Rhotic Lenition as a Marker of a Dominant Character Type in Northern Mandarin Chinese
This paper looks at social identity with respect to two types of rhotacization: vowel rhotacization, in which a vowel is r-coloured, and consonant rhotacization (i.e. rhotic lenition). Recent studies (Zhang 2005, Zhang 2008) have investigated character type as a sociolinguistic variable affecting rhotacization in Mandarin Chinese speech. Rhotacization, in turn, has sociocultural associations that differ by both geographic region and regional character types (Lee 2007). I argue that in Northern China, there is a correlation between rhotic lenition and dominant, particularly masculine, social identities.
In this study, I interview thirteen Mandarin speakers from Henan Province, a distinctly northern—but not northeastern—prefecture. Participants are interviewed and possible lenited tokens are counted. I hypothesize that a positive correlation between identity and lenition will be seen in speakers who perceive themselves as having dominant personalities; that people who identify with a dominant character type will exhibit more tokens of consonant rhotacization in casual speech.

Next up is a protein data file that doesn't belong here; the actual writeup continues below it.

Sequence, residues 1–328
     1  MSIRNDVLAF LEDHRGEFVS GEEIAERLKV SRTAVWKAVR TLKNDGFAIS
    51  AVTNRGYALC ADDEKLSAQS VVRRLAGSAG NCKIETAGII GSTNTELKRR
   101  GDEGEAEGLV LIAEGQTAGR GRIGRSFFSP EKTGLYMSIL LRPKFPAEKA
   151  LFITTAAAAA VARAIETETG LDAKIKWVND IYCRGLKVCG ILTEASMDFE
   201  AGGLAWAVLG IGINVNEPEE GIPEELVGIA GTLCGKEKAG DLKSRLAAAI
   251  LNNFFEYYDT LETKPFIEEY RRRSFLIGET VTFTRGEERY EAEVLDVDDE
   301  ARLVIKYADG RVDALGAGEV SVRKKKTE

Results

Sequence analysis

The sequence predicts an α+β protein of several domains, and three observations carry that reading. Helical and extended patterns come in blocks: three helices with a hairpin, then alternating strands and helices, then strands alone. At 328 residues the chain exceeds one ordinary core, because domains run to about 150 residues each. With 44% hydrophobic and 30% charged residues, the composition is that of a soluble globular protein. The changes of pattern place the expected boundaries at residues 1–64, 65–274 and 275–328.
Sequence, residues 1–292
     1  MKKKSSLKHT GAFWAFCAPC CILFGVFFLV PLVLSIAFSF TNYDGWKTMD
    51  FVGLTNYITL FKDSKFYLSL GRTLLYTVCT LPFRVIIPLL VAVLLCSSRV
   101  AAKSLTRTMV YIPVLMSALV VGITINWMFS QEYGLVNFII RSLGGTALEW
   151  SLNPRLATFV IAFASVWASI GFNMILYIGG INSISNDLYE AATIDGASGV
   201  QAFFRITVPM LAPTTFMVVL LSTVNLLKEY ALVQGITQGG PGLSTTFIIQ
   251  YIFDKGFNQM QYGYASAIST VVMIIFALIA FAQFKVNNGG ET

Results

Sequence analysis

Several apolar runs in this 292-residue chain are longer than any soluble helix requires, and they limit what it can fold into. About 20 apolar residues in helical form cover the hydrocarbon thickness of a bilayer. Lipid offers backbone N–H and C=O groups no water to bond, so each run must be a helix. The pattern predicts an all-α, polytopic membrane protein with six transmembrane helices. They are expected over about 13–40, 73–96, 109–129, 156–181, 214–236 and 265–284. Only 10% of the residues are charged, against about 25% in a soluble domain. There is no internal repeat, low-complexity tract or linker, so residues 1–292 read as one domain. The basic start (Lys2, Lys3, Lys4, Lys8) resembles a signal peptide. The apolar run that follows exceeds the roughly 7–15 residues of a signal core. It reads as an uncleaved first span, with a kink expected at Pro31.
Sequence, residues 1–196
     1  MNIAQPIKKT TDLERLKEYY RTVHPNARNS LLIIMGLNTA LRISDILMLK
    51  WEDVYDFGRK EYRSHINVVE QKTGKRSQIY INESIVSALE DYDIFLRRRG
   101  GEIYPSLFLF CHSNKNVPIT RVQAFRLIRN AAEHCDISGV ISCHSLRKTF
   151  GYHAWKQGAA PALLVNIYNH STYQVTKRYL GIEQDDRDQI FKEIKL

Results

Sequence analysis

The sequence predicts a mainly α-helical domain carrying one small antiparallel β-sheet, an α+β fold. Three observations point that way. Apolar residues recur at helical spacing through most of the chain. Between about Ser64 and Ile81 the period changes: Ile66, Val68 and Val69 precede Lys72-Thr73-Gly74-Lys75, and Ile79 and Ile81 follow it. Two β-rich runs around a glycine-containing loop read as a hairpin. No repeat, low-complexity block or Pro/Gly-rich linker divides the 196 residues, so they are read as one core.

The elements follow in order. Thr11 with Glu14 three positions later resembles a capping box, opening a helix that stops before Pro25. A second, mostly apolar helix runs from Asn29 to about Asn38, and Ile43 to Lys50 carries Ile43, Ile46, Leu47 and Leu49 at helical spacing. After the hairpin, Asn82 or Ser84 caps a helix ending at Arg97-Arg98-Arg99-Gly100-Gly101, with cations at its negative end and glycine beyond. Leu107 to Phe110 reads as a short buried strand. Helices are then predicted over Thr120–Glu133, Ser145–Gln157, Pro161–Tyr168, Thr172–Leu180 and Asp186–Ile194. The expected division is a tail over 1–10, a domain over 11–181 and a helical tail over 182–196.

To explain this phenomenon, I take the view that there is a prevalent linguistic ideology linking vowel rhotacization with rurality, low social class, and Northeastern identity. I will show that among speakers of Henan Mandarin, vowel rhotacization is an overt marker of this identity, whereas consonant rhotacization (i.e. rhotic lenition) is less overt. Rhotic lenition is a unique and critical variable which functions as a marker of a dominant character type without establishing a Northeast identity.
Working Papers of the Linguistics Circle
University of Victoria